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8050 Washington Ave. S., Suite 100
Eden Prairie, MN 55344
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Several Essential Things To Do Before Submitting An Idea To A Company

Have a brilliant idea that you’re almost certain your favorite company would drool over?  Before you contact them with your idea, here are some things you should do to ensure that your rights are protected and that you’re treated fairly. 

  1. Contact an intellectual property attorney to see whether your idea is patentable.  General “ideas” or concepts are not patentable unless they are reduced to practice.  Patentable subject matter only includes any new and useful process, machine, manufacture, or composition of matter, or any new and useful improvement thereof.  In order for an invention to be patentable, it must be novel and not obvious.  If your invention is patentable, it’s important that your rights in your invention are protected prior to any disclosure of your invention to the company.  You may want to discuss with a patent attorney whether and when you should file a patent application. 
  2. When first contacting the company about your idea, say little to nothing about your idea and ask for a confidentiality agreement.  Write a letter stating that you have an idea that you believe their company might be interested in, but that you would like them to sign a confidentiality or non-disclosure agreement prior to disclosing your idea.  If you are expecting compensation in the event that they implement your idea, you should state this up front.  You may want to have an attorney review the letter and any confidentiality agreement that the company presents to you.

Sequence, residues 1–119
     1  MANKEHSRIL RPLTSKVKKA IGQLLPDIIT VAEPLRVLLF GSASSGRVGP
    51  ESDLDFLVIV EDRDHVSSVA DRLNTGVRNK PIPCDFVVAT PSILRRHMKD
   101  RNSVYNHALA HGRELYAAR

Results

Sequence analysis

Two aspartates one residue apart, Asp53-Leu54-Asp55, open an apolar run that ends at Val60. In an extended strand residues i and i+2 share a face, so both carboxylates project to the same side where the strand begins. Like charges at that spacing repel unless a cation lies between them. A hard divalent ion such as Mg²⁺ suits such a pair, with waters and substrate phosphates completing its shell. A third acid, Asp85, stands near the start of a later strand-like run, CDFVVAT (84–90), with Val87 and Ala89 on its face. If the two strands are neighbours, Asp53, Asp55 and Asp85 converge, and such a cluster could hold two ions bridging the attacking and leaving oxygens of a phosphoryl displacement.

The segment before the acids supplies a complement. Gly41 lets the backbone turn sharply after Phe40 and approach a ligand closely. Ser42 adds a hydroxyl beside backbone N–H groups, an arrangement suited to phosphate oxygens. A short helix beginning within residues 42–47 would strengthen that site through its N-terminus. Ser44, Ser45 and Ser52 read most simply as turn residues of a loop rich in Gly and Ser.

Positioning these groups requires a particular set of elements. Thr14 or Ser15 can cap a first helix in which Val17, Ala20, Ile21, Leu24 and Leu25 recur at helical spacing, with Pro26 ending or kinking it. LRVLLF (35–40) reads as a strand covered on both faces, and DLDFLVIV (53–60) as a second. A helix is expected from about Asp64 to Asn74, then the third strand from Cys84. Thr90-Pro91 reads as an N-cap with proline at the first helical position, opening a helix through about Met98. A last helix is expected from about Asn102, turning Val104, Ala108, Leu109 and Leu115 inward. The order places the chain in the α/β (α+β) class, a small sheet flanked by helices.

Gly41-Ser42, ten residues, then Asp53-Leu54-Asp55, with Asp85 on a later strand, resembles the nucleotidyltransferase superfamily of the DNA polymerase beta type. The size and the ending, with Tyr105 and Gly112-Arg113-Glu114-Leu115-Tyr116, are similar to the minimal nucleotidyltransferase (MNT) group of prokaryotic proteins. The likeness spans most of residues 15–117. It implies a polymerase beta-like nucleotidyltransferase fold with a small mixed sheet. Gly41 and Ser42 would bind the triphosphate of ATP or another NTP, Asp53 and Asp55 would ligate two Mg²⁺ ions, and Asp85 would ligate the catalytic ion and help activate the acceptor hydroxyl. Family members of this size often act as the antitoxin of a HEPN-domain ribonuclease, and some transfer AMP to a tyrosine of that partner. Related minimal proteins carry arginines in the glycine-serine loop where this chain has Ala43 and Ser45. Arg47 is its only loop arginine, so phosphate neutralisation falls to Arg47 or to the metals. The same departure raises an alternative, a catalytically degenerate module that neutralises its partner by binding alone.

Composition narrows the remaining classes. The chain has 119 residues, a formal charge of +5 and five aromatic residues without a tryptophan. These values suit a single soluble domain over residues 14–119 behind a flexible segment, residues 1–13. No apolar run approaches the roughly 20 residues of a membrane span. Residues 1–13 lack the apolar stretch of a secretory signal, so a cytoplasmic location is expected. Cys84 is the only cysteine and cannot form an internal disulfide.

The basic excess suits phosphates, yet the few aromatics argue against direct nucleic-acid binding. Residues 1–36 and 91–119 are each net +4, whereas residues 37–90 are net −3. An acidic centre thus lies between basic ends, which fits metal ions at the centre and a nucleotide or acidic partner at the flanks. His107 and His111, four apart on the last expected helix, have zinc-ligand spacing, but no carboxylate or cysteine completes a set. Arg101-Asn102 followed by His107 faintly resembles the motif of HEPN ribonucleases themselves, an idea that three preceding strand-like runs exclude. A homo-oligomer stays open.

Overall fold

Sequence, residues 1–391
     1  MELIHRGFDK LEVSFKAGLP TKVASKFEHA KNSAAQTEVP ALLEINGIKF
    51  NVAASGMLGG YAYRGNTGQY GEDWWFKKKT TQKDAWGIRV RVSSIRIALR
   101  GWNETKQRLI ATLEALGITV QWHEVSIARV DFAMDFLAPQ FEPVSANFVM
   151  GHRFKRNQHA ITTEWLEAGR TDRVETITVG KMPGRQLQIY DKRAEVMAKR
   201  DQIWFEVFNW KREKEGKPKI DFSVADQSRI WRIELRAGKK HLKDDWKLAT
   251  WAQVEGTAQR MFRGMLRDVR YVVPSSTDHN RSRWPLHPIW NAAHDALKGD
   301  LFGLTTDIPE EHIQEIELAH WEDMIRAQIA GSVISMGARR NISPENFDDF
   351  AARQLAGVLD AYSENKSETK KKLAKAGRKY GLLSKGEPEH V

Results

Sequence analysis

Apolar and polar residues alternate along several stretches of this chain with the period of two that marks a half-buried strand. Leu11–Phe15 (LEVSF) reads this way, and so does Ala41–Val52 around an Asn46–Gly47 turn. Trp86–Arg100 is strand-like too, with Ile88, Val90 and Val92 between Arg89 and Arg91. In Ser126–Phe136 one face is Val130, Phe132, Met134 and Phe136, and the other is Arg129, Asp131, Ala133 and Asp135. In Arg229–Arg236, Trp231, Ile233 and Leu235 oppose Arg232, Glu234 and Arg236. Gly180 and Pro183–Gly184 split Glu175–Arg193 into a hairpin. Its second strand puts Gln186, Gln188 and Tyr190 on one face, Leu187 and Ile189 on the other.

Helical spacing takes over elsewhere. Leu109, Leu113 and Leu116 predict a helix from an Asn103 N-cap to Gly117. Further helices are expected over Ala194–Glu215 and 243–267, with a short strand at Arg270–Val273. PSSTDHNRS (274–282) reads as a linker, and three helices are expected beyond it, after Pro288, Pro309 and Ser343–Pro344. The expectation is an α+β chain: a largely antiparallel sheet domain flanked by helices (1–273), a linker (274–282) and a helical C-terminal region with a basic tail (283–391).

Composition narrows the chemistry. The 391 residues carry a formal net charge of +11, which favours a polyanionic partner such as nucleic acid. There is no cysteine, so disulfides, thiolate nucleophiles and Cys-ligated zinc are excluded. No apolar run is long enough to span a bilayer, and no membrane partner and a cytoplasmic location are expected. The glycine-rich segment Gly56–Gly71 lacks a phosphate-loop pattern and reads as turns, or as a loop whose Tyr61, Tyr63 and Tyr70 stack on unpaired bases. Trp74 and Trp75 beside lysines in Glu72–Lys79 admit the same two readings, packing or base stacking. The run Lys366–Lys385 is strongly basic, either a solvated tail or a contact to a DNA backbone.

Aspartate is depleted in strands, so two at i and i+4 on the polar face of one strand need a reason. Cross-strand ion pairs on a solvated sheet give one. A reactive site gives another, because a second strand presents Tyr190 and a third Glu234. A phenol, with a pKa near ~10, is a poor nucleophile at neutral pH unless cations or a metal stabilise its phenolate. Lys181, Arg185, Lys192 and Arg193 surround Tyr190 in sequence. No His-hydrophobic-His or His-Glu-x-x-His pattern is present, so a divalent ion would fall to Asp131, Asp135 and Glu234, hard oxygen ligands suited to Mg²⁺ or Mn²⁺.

3. Understand the company’s rules and procedures for un-solicited idea submissions.  Many companies, like Apple, Black & Decker, LG, Bank of America, and Microsoft, have written policies and procedures posted online.  You should do an online search for a company’s idea submission policy and review the policy prior to contacting the company.  If you are unable to find one on their website, ask if they have such a policy.  Often these policies state that such un-solicited ideas will not be compensated and become the property of the company, which you will want to know before you disclose your idea to the company. 
  4. Make sure to document your conception of the idea, as well as your interaction with the company.  A timeline and written documentation of your communication with the company provides good evidence in the event that you believe your idea has been misappropriated. 

Martha Engel is an intellectual property lawyer at the law firm of Vidas, Arrett & Steinkraus, PA.

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